Fashionable hostesses adopted a Russian style service: for the first time, glasses were set with the place settings prior to the arrival of the guests, whereas before a valet had circulated with glasses and a carafe during the meal.

It was also a time of innovation that brought beautiful new things to the table: crystal. Up until then, the English had monopolized its production through a carefully guarded secret. Progress in French glassmaking opened the door to elegant glasses, stronger bottles and new forms.

The exhibit also displays many curiosities, like the escutcheons that once draped the necks of bottles. Labels were very rare at this time, and this was the only way to show what was in the bottle.

Not to be missed, several intriguing bottles, notably those of the Emperor. A bottle of Margaux Bel Air 1858 has this inscription on the glass ribbon seal, "Defendu d'en Laisser" - forbidden to leave any of it.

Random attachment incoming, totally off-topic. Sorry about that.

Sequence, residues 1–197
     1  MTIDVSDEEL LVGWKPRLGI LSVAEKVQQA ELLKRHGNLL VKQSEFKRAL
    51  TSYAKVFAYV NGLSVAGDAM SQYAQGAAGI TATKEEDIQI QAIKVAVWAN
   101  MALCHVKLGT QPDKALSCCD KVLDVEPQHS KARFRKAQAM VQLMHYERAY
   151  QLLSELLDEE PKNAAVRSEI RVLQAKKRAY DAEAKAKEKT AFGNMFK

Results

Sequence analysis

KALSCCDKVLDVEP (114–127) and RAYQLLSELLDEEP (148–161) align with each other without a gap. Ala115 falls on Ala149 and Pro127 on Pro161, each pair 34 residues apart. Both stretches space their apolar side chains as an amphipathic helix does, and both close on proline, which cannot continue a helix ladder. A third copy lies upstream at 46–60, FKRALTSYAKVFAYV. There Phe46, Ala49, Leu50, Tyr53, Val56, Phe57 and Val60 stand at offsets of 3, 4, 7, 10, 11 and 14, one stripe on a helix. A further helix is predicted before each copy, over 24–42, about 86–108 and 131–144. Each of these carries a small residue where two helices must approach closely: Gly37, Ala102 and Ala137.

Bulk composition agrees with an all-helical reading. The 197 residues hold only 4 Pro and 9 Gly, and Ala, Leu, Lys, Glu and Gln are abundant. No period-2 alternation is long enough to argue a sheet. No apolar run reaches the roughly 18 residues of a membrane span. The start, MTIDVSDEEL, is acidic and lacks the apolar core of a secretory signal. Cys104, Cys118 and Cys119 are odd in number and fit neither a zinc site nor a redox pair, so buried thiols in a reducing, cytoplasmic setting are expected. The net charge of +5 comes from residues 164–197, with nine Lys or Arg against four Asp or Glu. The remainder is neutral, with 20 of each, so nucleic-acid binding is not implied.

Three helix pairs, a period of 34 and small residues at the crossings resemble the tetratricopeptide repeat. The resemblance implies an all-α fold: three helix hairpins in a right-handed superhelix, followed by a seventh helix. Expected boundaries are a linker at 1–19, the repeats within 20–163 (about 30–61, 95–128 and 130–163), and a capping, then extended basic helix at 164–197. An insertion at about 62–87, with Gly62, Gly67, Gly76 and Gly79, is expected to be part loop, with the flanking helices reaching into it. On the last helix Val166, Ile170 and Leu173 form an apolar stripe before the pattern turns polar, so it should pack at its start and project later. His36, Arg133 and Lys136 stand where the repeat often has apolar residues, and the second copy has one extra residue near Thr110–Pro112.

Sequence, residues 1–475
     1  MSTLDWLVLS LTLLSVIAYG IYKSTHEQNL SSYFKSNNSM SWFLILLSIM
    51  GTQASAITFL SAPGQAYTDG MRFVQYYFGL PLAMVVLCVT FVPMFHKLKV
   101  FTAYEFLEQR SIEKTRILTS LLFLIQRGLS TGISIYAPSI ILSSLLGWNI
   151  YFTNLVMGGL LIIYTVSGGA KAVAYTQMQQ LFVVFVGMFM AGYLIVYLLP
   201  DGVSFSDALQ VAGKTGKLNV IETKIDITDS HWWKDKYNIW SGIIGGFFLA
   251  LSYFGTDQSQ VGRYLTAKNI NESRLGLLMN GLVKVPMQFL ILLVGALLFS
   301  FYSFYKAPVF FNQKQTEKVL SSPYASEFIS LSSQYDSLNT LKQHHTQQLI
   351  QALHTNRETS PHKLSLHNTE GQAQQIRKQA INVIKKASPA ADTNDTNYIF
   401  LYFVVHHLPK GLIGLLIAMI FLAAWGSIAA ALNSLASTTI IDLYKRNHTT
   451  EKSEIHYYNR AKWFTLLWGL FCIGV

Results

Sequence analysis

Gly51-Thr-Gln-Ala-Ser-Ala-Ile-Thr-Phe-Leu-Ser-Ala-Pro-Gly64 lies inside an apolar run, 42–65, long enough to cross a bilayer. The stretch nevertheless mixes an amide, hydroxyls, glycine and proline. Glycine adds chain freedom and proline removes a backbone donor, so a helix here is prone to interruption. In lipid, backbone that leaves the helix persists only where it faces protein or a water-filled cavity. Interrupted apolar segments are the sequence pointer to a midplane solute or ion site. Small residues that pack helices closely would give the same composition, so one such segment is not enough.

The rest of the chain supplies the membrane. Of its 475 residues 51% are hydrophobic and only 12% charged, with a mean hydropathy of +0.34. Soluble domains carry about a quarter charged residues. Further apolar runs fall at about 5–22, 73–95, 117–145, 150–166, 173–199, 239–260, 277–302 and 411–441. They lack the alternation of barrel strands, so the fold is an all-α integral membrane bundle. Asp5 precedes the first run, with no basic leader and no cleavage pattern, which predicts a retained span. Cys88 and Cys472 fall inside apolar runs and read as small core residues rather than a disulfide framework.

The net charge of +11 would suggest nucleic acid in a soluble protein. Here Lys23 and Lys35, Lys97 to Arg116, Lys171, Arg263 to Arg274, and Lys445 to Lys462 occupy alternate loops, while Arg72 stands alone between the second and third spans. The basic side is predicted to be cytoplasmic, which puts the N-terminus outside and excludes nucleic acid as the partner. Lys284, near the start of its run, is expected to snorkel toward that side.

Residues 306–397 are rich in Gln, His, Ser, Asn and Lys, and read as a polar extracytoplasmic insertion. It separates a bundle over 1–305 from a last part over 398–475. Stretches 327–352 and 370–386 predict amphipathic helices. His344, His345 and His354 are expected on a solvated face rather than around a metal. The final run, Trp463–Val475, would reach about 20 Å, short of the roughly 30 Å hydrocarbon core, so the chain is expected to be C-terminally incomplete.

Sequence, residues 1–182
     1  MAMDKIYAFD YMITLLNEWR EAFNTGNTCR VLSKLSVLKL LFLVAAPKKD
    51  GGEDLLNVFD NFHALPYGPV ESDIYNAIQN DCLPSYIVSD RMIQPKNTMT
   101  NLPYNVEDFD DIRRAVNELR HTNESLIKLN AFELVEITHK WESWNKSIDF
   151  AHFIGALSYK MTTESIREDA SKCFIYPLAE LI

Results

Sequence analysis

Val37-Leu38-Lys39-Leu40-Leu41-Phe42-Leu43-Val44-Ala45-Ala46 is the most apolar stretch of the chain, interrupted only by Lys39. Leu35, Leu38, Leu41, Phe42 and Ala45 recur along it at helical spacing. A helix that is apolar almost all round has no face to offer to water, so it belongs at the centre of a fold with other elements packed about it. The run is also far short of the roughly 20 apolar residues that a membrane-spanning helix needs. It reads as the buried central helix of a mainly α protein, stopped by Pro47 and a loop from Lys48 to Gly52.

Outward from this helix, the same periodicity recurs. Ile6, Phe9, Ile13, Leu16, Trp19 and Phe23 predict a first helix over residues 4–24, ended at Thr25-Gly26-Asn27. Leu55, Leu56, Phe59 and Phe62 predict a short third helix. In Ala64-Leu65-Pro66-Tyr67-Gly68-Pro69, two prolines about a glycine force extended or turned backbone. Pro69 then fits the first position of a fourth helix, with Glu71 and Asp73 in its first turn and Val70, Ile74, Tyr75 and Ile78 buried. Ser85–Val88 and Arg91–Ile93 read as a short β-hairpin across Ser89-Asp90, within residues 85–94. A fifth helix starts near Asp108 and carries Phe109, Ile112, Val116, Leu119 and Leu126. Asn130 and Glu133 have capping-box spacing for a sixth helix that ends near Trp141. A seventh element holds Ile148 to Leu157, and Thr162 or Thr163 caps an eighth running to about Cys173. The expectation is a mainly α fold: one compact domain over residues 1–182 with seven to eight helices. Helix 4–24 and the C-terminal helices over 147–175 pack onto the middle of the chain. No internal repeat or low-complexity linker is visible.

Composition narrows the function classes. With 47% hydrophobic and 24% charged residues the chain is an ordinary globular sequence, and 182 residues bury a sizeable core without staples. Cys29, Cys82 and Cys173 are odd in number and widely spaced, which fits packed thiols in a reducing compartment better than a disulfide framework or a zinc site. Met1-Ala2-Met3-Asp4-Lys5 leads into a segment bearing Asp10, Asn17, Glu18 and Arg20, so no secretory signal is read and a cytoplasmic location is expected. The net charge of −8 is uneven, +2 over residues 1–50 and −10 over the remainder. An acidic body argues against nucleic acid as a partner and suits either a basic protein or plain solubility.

The exhibit runs from now until next March 8. It then travels to the Napoleon Museum in the Arenenberg Castle, Switerland, from April 10 to October 10, 2010, and then on to Rome at the Museo Napoleonico from October 2010 to February 28, 2011.

Arts and Entertainment
books
Voices
Caustic she may be, but Joan Rivers is a feminist hero, whether she likes it or not
voicesShe's an inspiration, whether she likes it or not, says Ellen E Jones
Arts and Entertainment
The Doctor and the Dalek meet
tvReview: Doctor Who Into the Dalek more than compensated for last week's nonsensical offering
Sport
Diego Costa